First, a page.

And so here I am. Waiting for the physio to kick in. Walking only. Not training – and when I do, not running or biking. I did try to stick some weight on my back and think about tabbing the Marathon. But the doc said this was not a good idea.

What this means is a bit deeper than just not being able to run the marathon though.

It is the first time I have failed at something I have set out to do. At times the training for going to Afghan was hard, and I thought that I wouldn’t be able to make it. There were times that actually being in Afghan was hard and I thought I wouldn’t get through the deployment, but I did. I pushed and, to be honest, in a test of me against Afghan, it was a test of me against me; mind over matter. And I won.

But this has been different, it’s a test of me against my body and my body has won. I have failed. When it comes to it, my body is weak, but it is still stronger than my mind. I just couldn’t handle the pain, and the potential of long term damage is just too much to keep me pounding the street.

But this makes me think how lucky I am.

There are people, people who I know personally, friends I made in Afghan, who have no choice. Double amputees who have to keep going on. People who are in pain 24/7.

These are very special people. It goes to show me what I knew all along. They are stronger, braver…better than me. I am a pale shadow in comparison to their shining light.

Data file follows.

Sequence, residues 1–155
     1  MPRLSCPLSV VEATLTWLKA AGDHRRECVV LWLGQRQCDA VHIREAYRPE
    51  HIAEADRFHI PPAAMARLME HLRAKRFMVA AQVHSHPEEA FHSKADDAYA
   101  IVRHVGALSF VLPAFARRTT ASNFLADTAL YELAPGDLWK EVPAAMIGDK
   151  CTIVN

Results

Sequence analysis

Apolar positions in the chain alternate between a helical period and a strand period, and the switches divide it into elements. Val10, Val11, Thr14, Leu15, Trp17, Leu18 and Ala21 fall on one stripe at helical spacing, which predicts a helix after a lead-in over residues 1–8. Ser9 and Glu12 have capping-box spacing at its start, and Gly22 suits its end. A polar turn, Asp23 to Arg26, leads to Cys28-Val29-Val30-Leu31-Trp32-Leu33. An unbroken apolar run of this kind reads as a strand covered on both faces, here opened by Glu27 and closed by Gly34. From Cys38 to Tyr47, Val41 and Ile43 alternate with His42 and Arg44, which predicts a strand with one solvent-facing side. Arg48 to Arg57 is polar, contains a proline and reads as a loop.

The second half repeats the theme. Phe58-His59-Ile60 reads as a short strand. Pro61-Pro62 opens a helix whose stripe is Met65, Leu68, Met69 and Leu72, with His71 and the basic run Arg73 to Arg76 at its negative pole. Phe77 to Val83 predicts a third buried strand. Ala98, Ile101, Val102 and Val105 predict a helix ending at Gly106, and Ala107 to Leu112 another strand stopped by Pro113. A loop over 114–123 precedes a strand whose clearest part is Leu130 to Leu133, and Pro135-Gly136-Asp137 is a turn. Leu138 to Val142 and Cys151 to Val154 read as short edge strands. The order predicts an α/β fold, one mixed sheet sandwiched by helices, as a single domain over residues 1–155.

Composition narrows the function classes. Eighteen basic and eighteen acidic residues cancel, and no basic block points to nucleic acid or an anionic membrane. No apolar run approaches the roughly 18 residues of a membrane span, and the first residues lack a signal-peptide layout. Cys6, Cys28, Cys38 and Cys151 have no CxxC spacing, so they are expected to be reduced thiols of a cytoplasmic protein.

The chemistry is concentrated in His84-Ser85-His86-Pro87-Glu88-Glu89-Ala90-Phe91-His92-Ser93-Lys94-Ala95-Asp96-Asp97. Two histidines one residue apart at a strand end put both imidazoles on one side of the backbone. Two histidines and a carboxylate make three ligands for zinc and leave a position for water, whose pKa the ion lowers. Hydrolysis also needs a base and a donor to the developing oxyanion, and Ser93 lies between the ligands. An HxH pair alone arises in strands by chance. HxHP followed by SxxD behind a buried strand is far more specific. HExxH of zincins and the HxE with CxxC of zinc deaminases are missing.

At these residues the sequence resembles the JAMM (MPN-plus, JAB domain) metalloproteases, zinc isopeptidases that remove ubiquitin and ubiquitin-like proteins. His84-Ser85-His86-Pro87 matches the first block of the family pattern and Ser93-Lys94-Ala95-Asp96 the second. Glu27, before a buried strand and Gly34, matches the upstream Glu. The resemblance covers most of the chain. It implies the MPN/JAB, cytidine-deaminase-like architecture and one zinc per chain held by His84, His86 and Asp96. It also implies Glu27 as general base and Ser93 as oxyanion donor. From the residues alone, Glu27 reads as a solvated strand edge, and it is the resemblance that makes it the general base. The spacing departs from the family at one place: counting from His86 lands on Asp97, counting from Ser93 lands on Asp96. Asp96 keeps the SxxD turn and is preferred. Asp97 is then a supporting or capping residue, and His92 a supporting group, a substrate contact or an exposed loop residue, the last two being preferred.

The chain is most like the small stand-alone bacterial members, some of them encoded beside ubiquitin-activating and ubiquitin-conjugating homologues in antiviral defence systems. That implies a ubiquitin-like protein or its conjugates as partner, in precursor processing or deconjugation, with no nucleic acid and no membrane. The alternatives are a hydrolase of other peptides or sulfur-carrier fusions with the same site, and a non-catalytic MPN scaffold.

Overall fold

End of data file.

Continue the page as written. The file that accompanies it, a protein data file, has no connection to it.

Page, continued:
I wish I was stronger. I wish my body was stronger. And this links back to a recent blog post of mine about heroes.

A hero is someone who you aspire to be. Someone who you look to for an example. Someone who you want to be.

I can’t and don’t see myself as any of that. But those people… Those who accept the pain of life-changing injuries with good grace and humour. Who accept that they just have to get on with life after it. Who just ‘crack on’. They are heroes.

And then there are those people who the RAFBF are helping on a day to day basis. Not just young men and women who have been injured in recent conflicts. There are those people who have struggled and suffered for years – fought against disability, pain or mental health – and have done so without morning about it.

They have just cracked on. They all are heroes.

And me? What am I to do? I can’t ‘crack on’. In this case I am not strong enough to do it. Now.

But that doesn’t mean I’ll be like this forever. Well I hope not. I will get my knees sorted. I will get myself fixed.

I will do it for a couple of reasons. One – it’s important to be fit and healthy, but the most important thing is that I owe it to everyone who has been hurt, injured or affected by some sort of trauma to get better so I can be stronger, to learn and grow and to be able to do something to raise the funds that people like the RAF Benevolent Fund need to help them.

But most of all I owe it to me to be fit for me.